2) continue to coach and help my runners get fast and enjoy running, and,
3) run myself, at least enough so I can do some short races and triathlons, at least enough so I can enjoy the feeling of running again.

I think I can do all three. I’ve got enough time. I’ve got enough energy. I’ve got a positive attitude. I’ve got everything I need, except a fully functioning left knee. Hopefully, that will change. I’ll let you know what the doctor says.

In the meantime: Stupid knee!

Screw it, I’m gonna run!

At last report I’d decided I was going to let my running come to me—unplanned and in small doses, when the mood struck me or I couldn’t help myself, thankful for what I could get but with no expectations.  Well, that didn’t last long.  Once I realized I could run (even on a limited basis) and not hurt my knee (at least apparently not make things worse), I was plotting out a rough schedule for my triumphant (ah, I hope) return to running.

And really, how could I help myself?  It seemed to me everyone else was running.   First off, my son started the cross-country season with an 18:25, knocking over 20 seconds off his PR.  When I saw him come through the mile mark in that first meet with teammates he wouldn’t have been able to keep in sight last year, I couldn’t help but point him out to the stranger who was watching the race next to me then dash (well, limp) across the park to see him at the next spot.  By his third meet, he was down to 17:49 and I can see he’s got much faster running ahead of him.  Even if he wasn’t having success, there’s really no place like a high school meet to put a person in the mood for running—I mean, herds of kids rolling across the grassy fields, rambling through the woods, sprinting for the line, decimating themselves—any runner watching will feel compelled to do the same.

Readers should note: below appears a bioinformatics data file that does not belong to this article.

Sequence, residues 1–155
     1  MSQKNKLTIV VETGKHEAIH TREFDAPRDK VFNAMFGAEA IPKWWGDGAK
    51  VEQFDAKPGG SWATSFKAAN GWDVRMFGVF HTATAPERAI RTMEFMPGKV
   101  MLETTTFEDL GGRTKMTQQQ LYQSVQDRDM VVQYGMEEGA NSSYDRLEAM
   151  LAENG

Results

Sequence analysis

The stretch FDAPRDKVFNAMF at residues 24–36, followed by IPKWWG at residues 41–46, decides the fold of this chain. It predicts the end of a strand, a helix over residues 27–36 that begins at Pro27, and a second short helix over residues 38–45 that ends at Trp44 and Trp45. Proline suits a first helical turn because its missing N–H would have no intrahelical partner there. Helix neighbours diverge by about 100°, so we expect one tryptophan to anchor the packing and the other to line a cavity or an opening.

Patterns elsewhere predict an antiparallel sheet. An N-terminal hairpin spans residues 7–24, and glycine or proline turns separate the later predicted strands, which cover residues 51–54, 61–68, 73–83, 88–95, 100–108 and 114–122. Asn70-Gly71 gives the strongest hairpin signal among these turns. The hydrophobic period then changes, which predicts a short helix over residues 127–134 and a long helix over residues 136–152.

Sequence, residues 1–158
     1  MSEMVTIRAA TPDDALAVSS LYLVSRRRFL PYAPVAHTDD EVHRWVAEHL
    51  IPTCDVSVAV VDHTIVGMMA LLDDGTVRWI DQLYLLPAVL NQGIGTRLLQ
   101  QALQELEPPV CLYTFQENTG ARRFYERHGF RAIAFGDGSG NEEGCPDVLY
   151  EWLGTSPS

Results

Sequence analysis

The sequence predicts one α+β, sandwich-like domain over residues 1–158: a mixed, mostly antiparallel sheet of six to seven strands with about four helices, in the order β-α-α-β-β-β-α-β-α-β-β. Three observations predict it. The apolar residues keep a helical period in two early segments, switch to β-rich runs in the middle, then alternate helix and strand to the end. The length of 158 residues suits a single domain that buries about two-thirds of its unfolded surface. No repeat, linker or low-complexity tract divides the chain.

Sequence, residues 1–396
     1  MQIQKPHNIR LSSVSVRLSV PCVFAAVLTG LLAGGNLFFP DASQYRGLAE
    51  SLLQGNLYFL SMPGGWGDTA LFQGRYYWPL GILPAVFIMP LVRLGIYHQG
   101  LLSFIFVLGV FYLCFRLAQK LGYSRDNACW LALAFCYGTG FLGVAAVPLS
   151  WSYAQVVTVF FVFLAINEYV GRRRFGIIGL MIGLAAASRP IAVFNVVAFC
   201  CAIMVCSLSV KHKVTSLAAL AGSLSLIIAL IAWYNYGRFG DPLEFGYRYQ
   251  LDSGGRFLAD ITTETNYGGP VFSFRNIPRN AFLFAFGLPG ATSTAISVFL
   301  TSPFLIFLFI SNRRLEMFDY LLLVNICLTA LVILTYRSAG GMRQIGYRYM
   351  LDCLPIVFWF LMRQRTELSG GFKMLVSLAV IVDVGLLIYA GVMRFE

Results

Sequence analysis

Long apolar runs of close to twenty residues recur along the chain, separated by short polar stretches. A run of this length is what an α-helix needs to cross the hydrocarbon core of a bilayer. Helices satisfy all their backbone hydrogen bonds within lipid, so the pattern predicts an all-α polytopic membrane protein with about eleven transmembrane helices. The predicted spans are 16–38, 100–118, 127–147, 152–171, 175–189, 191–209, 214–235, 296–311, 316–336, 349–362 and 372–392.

photo ccBut it’s not just him, every morning I check the latest news on let’s run.  Ipavlov-experiment read other blogs too, and my fellow bloggers report on their running!   Sometimes, like Pavlov’s dogs, I literally salivate when I read about races, 20 mile runs, and weekly mileage totals.  This doesn’t make sense, of course, unless I need running like I need food, unless it’s become an essential part of my existence.

On top of that, I’ve been seeing it in places I don’t expect.  For example, my lovely perfect wife’s cousin, a lifelong non-runner, reports on Facebook that she’s now a runner.  My nephew, who’s told me he doesn’t like photo cearunning, is halfway through his middle-school cross country season (highlights include an asthma attack and getting stung in the achilles by a swarm of yellow jackets), my friend’s wife Holly, a big fan of this blog (ha!) and self-proclaimed non-runner, has built up to 4 miles.  My lovely perfect wife and I are going to Colorado in October.  I contacted my friend there to see if he was free for dinner on the 19th.  He said, Sure, let’s go out for pasta—I’ll be carbo-loading for the Denver Rock and Roll marathon the next morning!